When you think of a Dodge Neon, you probably imagine a tiny compact economy car known more for its poor side impact test rating than its performance. Slap on the SRT-4 badge, though, and it goes from a meek, mild mouse to a rubber-screeching howler monkey.

Technically, the top-end speed of the front-wheel-drive SRT-4 is listed at 153, but it's close enough to put on our list because maybe if you do a thing here, tweak a thing there, add some octane booster and let 'er rip downhill with a tailwind the needle hits gets past 155 miles per hour. Maybe.

The five-passenger, four-door sedan is powered by a Mitsubishi TD04-L-16GK turbocharged 2.4-liter inter-cooled DOHC 16-valve engine. All told the inline four-banger kicks out an incredible 215 horsepower and 245 pound-feet of torque. Mated to a 5-speed manual transmission, this little Neon gets up to 60-mph in 5.6 seconds and 100 in 13.8. The quarter-mile is done in 14.2 seconds (at 102-mph).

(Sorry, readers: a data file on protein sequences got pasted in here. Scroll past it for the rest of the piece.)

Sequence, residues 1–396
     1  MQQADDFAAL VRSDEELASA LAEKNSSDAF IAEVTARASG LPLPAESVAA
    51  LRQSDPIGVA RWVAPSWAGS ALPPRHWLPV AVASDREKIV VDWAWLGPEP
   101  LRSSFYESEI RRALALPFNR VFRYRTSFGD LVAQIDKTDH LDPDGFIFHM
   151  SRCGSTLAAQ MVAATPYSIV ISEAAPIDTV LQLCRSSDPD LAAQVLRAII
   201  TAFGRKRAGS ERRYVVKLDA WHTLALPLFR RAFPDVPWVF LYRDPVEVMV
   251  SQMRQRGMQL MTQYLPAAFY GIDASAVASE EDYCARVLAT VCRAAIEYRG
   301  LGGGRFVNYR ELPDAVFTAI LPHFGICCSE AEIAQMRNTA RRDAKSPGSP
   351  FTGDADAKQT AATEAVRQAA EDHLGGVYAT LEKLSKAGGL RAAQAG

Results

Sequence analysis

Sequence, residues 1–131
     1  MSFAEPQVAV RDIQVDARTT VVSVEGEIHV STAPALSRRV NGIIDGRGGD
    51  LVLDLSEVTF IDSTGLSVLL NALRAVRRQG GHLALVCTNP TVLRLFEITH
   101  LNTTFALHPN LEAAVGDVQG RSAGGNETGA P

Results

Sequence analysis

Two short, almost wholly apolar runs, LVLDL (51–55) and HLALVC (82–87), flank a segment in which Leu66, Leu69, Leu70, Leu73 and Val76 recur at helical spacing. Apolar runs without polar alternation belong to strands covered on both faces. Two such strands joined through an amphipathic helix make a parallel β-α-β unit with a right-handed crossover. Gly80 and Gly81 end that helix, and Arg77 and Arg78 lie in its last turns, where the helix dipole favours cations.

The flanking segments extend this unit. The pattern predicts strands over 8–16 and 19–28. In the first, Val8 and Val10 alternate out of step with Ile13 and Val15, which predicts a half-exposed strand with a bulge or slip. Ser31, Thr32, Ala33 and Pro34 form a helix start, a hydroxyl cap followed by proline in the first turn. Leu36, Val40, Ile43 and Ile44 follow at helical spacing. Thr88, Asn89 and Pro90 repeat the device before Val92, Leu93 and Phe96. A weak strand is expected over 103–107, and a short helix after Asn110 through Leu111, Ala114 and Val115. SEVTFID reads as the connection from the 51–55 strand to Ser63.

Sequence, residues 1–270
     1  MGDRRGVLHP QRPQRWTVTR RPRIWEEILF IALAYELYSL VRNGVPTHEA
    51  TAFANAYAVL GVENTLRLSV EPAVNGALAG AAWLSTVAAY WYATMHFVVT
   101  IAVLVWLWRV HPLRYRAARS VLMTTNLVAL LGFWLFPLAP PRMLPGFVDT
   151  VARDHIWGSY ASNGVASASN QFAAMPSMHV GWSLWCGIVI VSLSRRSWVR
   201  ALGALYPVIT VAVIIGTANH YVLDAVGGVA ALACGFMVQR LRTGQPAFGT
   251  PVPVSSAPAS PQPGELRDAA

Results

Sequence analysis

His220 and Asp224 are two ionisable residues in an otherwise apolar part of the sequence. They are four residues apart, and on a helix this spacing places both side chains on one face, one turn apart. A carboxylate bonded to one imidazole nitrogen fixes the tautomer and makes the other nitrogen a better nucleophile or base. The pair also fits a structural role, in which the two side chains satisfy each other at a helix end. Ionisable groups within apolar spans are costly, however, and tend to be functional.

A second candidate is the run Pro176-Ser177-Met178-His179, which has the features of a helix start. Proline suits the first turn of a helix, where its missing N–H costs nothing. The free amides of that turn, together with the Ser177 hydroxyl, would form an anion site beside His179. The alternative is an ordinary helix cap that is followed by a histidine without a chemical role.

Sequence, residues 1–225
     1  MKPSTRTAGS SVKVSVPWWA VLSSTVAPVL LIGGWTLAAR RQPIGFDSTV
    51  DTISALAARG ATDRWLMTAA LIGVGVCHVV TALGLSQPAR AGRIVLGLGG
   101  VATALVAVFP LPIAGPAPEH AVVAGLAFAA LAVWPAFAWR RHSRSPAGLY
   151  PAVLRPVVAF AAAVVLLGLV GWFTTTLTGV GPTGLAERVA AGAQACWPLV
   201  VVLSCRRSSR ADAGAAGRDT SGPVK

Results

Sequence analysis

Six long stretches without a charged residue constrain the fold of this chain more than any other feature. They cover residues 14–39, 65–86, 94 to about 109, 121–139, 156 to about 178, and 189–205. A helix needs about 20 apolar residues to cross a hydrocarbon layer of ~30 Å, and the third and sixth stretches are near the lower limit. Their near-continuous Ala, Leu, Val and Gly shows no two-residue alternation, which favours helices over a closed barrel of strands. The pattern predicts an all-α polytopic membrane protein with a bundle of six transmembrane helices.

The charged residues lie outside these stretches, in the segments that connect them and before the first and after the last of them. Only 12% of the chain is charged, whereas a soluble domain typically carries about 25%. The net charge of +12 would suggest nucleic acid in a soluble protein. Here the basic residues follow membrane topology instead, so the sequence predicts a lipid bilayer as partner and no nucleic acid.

When it came out, the SRT-4 had a base MSRP of $19,995. Surprisingly, and despite the usual depreciation of most cars, this one has maintained its value better than most. While you can find some SRTs under $10,000, you'll need to perform your due diligence because most with lower miles sit well north of that price tag.

Porsche Boxster S

A cheap Porsche? Yes, but as one might expect, this tops the list as the most expensive of the "cheap" options. It's a Porsche, so stop complaining.

The Boxster first came out during the summer of '96 and could "only" get to 149 miles per hour by way of a 2.5-liter naturally aspirated flat-six. Not good enough to make the list given the 155-mph requirement. However, in 1999 Porsche released the S model with a 3.2-liter engine kicking out 249 hp.

The DOHC 24-valve flat-6 had an aluminum block, heads, and a Bosch Motronic ME7.2 engine-control system with port fuel injection. Car and Driver said the S's water-cooled engine was closer to the 911 Carrera's than to the Boxster's. The first-year S can go from zero to 62 in 5.9 seconds, and up to 100 in 13.8 seconds, with a top speed touching 161 mph. In 2003, Porsche upped the ante and increased horsepower to 260, making it even faster.

The Boxster S had an MSRP of around $48,000 when it came out in 1999. Today you can find one for about $15,000. Like all cars, the lower the miles, the more you're going to pay. But it's a Porsche — a convertible one at that.